Reuters reported a sad and sorry Guantanamo tale yesterday:
Two senior British judges accused the United States on Wednesday of threatening to end intelligence cooperation if Britain released evidence about the alleged torture of a Guantanamo detainee.
The judges quoted lawyers for Foreign Secretary David Miliband as saying the U.S. government, by reviewing intelligence cooperation, “could inflict on the citizens of the United Kingdom a very considerable increase in the dangers they face at a time when a serious terrorist threat still pertains.”
According to the ruling from High Court judges Lord Justice Thomas and Lord Justice Lloyd Jones, Miliband’s lawyers said the threat had existed for some time and was still in place under President Barack Obama’s administration.
A nice little furore erupted in Britain yesterday over this U.S. government strong-arming, and everyone concerned is now denying that the U.S. ever actually threatened to end intelligence cooperation. This is despite the fact that “Foreign Office lawyers (have) given formal testimony to the High Court that this was the case”. (I’ll come back to this later.)
First, the background: Binyam Mohamed is an Ethiopian-born British resident, an electrical engineer, who is held at Guantanamo Bay.
Mohamed, arrested in Pakistan in April 2002, was accused of training at al Qaeda camps in Afghanistan, joining a squad of al Qaeda bomb-makers in Pakistan and plotting to set off a radioactive bomb in the United States.
In October, the Pentagon official overseeing the Guantanamo war crimes court dismissed all charges against Mohamed, who says he falsely confessed to a radioactive “dirty bomb” plot while being tortured in a Moroccan prison.
Binyam Mohamed, of course, continues to be held at Guantanamo, since in Guantanamo-world dismissal of all charges doesn’t necessarily lead to release. The crux of the current furore is Binyam Mohamed’s allegations that he was tortured by U.S. agents all over the globe, with the active assistance of British intelligence. Here’s the BBC‘s bowdlerized version:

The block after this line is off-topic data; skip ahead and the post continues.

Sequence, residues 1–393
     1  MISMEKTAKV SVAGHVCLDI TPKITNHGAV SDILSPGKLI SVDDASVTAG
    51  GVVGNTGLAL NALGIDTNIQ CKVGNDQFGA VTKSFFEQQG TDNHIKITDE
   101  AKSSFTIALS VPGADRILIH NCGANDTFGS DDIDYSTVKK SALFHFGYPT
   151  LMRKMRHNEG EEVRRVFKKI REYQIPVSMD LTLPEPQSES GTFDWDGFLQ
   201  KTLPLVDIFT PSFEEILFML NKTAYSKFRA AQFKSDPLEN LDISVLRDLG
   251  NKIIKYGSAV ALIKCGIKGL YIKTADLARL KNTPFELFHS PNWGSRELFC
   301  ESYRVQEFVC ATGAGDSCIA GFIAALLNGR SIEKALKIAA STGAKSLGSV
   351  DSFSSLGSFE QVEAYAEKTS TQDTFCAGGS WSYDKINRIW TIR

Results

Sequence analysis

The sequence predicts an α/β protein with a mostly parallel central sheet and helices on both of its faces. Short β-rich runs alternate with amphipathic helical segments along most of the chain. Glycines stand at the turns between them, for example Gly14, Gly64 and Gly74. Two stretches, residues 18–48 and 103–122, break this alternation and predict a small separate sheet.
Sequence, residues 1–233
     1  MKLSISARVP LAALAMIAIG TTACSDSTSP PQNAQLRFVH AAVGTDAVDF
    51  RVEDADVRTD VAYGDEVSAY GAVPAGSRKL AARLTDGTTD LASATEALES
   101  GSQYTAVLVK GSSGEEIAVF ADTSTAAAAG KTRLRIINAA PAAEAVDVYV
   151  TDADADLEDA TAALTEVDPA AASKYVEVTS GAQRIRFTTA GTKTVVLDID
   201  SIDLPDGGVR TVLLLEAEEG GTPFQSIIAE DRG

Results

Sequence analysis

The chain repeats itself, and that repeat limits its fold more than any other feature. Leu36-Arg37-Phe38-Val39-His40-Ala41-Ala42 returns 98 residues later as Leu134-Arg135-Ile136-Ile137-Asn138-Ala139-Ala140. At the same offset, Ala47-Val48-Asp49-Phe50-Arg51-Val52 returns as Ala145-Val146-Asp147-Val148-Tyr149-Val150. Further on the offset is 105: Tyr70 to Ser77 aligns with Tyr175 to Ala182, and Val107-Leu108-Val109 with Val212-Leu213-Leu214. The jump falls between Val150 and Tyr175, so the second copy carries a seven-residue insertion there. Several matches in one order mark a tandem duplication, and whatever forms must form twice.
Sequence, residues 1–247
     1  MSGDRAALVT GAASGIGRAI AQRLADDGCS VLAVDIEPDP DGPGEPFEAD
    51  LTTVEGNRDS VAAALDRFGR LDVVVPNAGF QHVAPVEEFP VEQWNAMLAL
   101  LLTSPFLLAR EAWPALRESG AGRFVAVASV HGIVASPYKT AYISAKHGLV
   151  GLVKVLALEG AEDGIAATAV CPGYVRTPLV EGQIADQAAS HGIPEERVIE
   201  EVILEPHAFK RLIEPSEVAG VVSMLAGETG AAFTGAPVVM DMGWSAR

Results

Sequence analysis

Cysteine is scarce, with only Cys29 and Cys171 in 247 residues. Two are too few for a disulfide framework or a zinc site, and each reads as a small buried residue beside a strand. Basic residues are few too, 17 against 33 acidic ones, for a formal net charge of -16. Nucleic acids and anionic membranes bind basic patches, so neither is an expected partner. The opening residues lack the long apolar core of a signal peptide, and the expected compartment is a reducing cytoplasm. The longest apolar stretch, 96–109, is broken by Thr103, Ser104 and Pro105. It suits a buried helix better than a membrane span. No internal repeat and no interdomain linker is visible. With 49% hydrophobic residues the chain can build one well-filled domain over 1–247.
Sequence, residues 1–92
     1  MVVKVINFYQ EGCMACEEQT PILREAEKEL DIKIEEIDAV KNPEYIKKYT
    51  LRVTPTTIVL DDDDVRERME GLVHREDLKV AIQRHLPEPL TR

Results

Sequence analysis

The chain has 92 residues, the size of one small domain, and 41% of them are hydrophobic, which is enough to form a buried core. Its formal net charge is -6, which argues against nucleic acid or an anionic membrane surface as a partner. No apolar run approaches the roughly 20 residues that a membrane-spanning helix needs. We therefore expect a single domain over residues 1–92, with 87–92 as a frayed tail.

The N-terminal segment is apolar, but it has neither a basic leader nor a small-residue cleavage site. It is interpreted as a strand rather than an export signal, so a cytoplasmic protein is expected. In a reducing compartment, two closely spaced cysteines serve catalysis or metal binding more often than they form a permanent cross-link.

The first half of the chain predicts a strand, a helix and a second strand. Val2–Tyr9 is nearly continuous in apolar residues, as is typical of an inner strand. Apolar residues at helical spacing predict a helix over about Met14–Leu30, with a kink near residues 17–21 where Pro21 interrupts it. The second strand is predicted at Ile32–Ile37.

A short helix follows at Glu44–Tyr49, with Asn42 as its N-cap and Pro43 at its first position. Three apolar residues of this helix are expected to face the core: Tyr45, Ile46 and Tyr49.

Mr Mohamed, 30, alleges he was tortured by US agents in Pakistan, Morocco and Afghanistan between 2002 and 2004 and that UK agencies were complicit in the practice.
The Times provides some of the horrific details:
By his account he was tortured; his penis and chest sliced with a scalpel and a hot stinging liquid was poured into the open wounds.
(Incidentally, in Bushworld it was considered perfectly kosher to use statements that were voluntarily given by Binyam Mohamed in between bouts of having his penis slashed with a scalpel in legal proceedings against Jose Padilla.)
In the U.K., both the public and the media still condemn torture (by whatever sanitized phrase it is described) every bit as strongly as they used to back in, say, 2000. Binyam Mohamed’s allegations of torture, and of British complicity in the torture, caused widespread outrage.
MI6 obtained permission from the US to interview Mr Mohamed. He alleges that his torturers later tried to break his will by giving details of his education in Britain, the name of his kickboxing trainer and his friendships. Only British intelligence could have passed this information, he believes.
The media called for full disclosure:
British media had applied to the court for the release of full details of the evidence the British government held about the treatment of Binyam Mohamed, an Ethiopian-born British resident who is held in Guantanamo Bay.
Full details refers essentially to seven “sensitive paragraphs supplied by U.S. intelligence services and kept out of an initial judgement last August”. Lord Justices Thomas and Lloyd Jones were sympathetic to the release request: